To make sure that your GCP markers are visible, we suggest doing a test flight. You will have to establish the cruising altitude for your survey and use this as the basis for test shots. Smaller surveys can be done at about 250 feet, but it is more practical to survey larger maps by hitting the maximum 400-foot limit. You will want to take test shots when visibility conditions aren’t perfect, such as when clouds are passing by overhead.

Use a high-accuracy GPS receiver

Once you have marked a GCP, the next step is to take a GPS measurement at its center. This should be done using a high-accuracy professional-grade GPS and not just the GPS function in your phone. We recommend buying handheld GPS receivers from brands such as Garmin, Leica, or Trimble.

Related to this step is the need to place GCPs in areas with good GPS reception. When done well, these locations should also have good visibility. Avoid placing GCPs in areas with thick canopy cover or near large structures, whether natural or man-made.

Use at least five GCPs

The best practice is to place at least five GCPs – one near each corner of the survey area and another at the center. Make sure to leave about 100 feet of buffer between the edges of your survey area and any of your GCPs.

If you’re surveying a particularly large area, you have the option of adding more GCPs. Try to have them as evenly spaced as possible. Most surveyors would consider a limit of ten GCPs in any survey area regardless of size. Having more of them will no longer considerably enhance the accuracy of the survey.

Take note of elevation changes

Elevation changes are major considerations in placing GCPs. A sudden elevation change in your survey area can significantly distort the size of any features. To account for this, it’s important to place even one GCP to represent the elevation of any hills or valleys. This can prove problematic as these are also areas that are usually difficult to access.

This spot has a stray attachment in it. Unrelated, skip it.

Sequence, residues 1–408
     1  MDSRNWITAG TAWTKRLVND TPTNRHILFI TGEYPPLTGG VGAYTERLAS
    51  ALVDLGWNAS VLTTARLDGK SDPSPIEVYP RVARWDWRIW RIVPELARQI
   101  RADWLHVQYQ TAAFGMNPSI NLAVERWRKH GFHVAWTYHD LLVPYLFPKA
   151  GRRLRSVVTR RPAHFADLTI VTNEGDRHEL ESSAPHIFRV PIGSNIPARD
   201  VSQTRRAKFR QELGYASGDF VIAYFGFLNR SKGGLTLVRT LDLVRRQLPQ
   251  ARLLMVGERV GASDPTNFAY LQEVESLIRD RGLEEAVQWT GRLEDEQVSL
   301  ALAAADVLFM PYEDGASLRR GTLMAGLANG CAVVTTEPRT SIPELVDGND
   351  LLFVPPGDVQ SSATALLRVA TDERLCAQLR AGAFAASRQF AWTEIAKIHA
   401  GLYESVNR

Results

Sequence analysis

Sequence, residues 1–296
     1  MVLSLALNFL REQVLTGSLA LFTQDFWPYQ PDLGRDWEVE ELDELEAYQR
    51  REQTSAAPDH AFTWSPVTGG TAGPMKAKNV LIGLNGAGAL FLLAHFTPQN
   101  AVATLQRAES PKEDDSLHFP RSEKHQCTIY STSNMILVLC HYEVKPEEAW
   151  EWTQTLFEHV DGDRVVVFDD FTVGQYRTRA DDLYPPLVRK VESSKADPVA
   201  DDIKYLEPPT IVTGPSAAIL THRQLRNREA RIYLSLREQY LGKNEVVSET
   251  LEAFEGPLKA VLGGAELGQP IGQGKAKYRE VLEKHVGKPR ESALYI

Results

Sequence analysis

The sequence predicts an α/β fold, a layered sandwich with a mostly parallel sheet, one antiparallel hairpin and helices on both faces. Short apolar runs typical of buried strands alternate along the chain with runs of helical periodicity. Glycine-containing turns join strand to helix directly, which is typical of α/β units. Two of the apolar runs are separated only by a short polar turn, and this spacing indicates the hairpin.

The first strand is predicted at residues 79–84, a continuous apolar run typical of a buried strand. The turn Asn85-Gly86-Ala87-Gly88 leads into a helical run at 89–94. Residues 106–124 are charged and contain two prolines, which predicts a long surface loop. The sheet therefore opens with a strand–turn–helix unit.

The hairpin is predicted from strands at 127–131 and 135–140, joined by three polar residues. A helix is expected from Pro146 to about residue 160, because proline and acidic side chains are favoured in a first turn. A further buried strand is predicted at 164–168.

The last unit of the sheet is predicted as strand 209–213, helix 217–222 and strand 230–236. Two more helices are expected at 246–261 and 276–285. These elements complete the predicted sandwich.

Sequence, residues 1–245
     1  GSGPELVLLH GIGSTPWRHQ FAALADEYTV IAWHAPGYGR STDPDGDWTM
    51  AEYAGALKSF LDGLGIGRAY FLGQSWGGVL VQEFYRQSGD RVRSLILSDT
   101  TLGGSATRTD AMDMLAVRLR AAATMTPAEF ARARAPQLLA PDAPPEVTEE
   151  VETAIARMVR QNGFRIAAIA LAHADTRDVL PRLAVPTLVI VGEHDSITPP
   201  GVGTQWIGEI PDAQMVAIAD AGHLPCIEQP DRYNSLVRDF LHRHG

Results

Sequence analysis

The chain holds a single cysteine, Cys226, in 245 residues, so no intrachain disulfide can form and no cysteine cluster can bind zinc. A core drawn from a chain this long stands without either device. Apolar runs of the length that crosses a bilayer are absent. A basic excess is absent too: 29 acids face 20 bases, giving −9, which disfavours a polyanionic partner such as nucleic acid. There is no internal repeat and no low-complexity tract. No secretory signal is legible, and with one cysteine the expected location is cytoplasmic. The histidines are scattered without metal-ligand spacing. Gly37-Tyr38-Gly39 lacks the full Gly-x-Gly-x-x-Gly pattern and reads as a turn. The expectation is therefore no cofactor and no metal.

The special case for PPK/RTK drones

Aerial mapping has caught the attention of several drone manufacturers in recent years. This has manifested in drones with specialized mapping technology, such as PPK and RTK receivers. With this technology, drones can “correct” their GPS readings according to the position of a static base station. Think of it as a more sophisticated GCP that allows for real-time correction.


This begs the question – can drone mappers do away with GCPs completely if they are flying a PPK/RTK drone?

The short answer to that question is that nothing beats the value of a GCP. In terms of having a measurable location on the ground, not even the most sophisticated PPK or RTK workflow can guarantee the level of certainty that a set of GCPs offer.

However, other situations will require a more nuanced approach. The first thing that drone mappers need to know is that PPK and RTK drones may not work perfectly in all situations. They work best in clear areas where the receiver and base station can communicate uninterrupted for real-time correction. However, dense urban areas may prove to be more challenging.

On the flip side, some areas are too bothersome or dangerous to place GCPs. This includes forests and areas with hazardous terrain. In some cases, geologists or environmentalists may even need to map areas that people barely set foot on. A drone equipped with PPK or RTK technology would certainly be beneficial in such a situation.

In an ideal scenario, a drone with PPK or RTK capabilities can do a survey that still uses GCPs. This would provide maximum accuracy and measurable ground truth. However, there are situations where you have to choose one or the other.

A PPK or RTK drone is still a worthwhile investment, even considering how expensive they are. They provide a way to do accurate drone surveys even without the use of GCPs. It is important, however, that the drone pilot recognizes the limitations of PPK and RTK technology. It is not an all-around solution that gives you an excuse to do away with GCPs completely.

Final thoughts

The basic concept of “ground truth” is one that any drone pilot who goes into mapping needs to know. Aerial mapping doesn’t just involve flying a drone and taking pictures of the ground. Getting highly accurate results involves doing some legwork to place ground control points.

The integration of PPK and RTK technology has proven to be a huge improvement for the workflow of drone mapping. However, we would argue that it does not invalidate the value of GCPs in establishing ground truth. A GCP provides a tangible spot with attestable GPS measurements – something that a PPK or RTK workflow does not replicate.